Text: Thomas Ollive Mabbott (E. A. Poe), “The Swiss Bell-Ringers,” The Collected Works of Edgar Allan Poe — Vol. III: Tales and Sketches (1978), pp. 1118-1120 (This material is protected by copyright)


[page 1118, continued:]


This jeu d’esprit is characteristically Poe’s but was overlooked for more than a century. It was first printed in the New York Evening Mirror with an introductory note by N. P. Willis, in the issue of October 10, 1844, and was reprinted from the same type in the Weekly Mirror of the twelfth.

The introductory paragraph is a clear enough ascription to our author, for surely the Mirror had no “regular ally . . . of a very humorous critical vein” except Poe. In his long essay on “Maelzel’s Chess-Player” (SLM, April 1836), Poe had discussed several elaborate mechanical toys, citing David Brewster’s Letters on Natural Magic and the Edinburgh Encyclopaedia, and he had almost certainly observed other automata when Maelzel’s Exhibition — which included a trumpeter — visited Richmond in December 1835.

Poe’s new article was timely. The bell-ringers, “grandly calling themselves the Campanolgians,” first appeared in New York “between the farces” on September 12, 1844, at Niblo’s, and “made a sensational hit.” They appeared at the Tabernacle on October 7, 11, and 16, and again at Niblo’s on November 7.* In the Broadway Journal, October 18, 1845, it was noted (2:231) that “The Bell Ringers, under the direction of Mr. Corbyn, have been literally coining money the past week in New-York, Boston and other places. They are at present in this city, and all who have not heard them, [page 1119:] would do well to visit them this week, as they start en route for Mexico in a few days and will not return probably for two years.” But they were soon back and continued to be popular entertainers in the New York area during the rest of the decade.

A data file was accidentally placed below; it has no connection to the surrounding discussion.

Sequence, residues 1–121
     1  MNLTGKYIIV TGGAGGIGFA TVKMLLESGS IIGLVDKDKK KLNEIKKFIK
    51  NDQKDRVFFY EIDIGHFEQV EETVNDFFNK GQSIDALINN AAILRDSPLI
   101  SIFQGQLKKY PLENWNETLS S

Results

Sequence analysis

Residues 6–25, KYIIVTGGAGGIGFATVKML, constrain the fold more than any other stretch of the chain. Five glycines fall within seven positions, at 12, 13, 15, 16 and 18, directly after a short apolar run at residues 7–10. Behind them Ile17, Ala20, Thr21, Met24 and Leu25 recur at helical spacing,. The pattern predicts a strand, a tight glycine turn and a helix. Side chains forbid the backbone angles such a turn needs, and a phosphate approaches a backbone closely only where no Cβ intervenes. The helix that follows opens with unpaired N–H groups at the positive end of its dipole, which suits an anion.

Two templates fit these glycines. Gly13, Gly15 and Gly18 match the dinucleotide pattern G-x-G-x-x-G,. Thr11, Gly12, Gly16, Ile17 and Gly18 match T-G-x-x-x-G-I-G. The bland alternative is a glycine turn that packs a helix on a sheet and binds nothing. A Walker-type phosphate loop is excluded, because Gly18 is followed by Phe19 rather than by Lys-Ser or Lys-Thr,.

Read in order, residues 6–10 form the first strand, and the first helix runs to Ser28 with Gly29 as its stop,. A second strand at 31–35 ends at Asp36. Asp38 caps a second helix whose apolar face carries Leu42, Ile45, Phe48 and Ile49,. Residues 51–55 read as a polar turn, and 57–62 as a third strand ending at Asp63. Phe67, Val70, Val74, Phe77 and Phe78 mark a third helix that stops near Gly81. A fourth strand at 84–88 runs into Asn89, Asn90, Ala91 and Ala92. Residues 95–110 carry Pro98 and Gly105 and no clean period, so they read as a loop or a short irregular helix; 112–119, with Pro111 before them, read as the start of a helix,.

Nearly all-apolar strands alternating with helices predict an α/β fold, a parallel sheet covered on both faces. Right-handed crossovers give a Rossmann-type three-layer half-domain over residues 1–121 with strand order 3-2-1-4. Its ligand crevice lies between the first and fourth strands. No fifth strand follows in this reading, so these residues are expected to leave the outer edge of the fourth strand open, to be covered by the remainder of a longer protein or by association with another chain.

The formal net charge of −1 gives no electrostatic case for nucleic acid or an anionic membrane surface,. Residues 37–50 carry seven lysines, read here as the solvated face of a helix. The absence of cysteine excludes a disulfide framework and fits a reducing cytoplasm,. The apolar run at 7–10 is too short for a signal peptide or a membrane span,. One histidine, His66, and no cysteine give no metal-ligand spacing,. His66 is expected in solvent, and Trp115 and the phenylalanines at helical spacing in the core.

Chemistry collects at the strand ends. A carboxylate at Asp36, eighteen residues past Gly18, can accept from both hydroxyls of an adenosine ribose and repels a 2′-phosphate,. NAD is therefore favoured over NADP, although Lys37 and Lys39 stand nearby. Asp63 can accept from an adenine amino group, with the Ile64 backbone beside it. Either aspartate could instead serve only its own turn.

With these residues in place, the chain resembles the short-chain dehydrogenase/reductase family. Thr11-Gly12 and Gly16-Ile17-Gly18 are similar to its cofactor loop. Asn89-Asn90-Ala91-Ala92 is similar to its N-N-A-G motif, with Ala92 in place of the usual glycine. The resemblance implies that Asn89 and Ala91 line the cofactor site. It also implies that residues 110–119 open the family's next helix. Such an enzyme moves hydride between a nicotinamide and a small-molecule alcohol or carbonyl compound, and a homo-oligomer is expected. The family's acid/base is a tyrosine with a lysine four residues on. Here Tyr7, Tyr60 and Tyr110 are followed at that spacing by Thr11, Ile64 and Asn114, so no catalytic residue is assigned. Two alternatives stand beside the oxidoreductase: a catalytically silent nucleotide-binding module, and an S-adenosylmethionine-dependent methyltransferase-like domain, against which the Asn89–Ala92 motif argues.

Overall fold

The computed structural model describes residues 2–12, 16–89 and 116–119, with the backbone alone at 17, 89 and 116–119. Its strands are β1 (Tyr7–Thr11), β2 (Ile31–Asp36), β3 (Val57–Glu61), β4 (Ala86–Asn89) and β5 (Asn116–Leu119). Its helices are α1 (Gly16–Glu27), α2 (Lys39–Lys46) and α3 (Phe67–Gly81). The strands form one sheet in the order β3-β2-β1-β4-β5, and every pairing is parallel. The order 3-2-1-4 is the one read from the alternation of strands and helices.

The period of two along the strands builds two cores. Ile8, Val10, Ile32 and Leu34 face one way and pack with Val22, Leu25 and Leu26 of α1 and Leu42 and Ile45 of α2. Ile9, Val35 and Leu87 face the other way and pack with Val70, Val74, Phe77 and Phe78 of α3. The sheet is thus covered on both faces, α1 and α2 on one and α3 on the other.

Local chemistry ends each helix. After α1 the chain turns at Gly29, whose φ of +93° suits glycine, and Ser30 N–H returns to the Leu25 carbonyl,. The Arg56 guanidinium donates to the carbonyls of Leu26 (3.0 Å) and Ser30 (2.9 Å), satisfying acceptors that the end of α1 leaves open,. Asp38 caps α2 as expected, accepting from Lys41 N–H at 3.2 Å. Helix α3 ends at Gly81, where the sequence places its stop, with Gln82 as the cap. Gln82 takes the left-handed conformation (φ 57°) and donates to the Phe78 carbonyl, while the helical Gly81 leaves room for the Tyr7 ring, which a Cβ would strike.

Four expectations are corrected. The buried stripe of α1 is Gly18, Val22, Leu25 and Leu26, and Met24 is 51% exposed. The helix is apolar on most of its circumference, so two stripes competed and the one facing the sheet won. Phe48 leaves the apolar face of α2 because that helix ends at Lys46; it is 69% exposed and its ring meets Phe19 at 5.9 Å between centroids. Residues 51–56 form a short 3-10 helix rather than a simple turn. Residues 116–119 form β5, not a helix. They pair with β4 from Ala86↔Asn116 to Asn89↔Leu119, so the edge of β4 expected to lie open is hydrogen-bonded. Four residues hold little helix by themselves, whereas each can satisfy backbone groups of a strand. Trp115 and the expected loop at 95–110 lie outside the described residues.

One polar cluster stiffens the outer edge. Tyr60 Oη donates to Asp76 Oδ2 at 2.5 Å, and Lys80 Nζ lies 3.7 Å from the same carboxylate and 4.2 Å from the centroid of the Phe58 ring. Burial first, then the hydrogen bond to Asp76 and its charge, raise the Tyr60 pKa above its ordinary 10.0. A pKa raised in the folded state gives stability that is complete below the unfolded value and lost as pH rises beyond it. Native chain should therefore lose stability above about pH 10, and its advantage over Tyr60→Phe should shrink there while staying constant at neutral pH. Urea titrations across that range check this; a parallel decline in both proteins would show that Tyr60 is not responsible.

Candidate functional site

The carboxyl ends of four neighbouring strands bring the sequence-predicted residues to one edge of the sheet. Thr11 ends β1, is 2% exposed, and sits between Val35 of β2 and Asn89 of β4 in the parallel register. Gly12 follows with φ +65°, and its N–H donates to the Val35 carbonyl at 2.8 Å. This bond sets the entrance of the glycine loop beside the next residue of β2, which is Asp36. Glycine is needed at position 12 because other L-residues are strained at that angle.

Our text is from the columns of the Mirror.


One of the regular allies of the Mirror, a man of a very humorous critical vein, has taken it into his head to prove the Swiss Bell-ringers to be an automaton. We have argued the point with him till we are tired, and have at last sent to beg a copy of their board-bill with affidavits that their stomachs are not wooden and do kindly entertain rolls and sausages. While these documents are coming, we publish the skeleton of our friend’s hypothesis: —

The Swiss Bell-ringers. — The readers of the Mirror scarce need be told, — as most of them have seen and heard for themselves, — that the Swiss Bell-ringers enter, to the number of seven, white-plumed and fancifully costumed, and each armed with four or five hand-bells of various sizes, which they deposit on a cushioned table before them, retaining one in each hand, which they are continually changing for others in their armory, putting down and taking up with the rapidity of jugglers, and all the while ringing the changes upon them with a delicate harmony and precision, which are as perfect in a symphony of Haydn as in “Miss Lucy Long.”(1) The writer alludes to them now only to say, that they may be heard again to-night, and to correct the erroneous but common idea that these Bell-ringers are real living beings. The writer is firmly convinced that they are ingenious pieces of mechanism, contrived on the principle of Maelzel’s Automaton Trumpeter and Piano-forte player (exhibited here some years ago), but made so much more perfect and effective by the application to them of the same power which operates in the Electro-Magnetic Telegraph,(2) but which should here be called Electro-tintinnabulic.(3) A powerful electric battery under the stage communicates by a hidden wire with each of them, and its shocks are regulated and directed by the skilful musician and mechanician who secretly man[a]ges the whole affair. This explains the precision with which they all bow at the same instant, as if moved by the same soul (and so they are — an electric [page 1120:] one), and keep such perfect time and order. For this reason, too, they arrange so carefully their surplus bells before them in such exact spots, just as Maelzel’s Automaton Chess-player always insisted on the pieces being placed exactly on the centre of the squares, so that his mechanically-moved fingers might not miss them. Their very number shows that they were contrived in imitation of the music of the seven spheres,(4) and any lurking doubt of the truth of our theory will be at once removed by noticing how they electrify their hearers.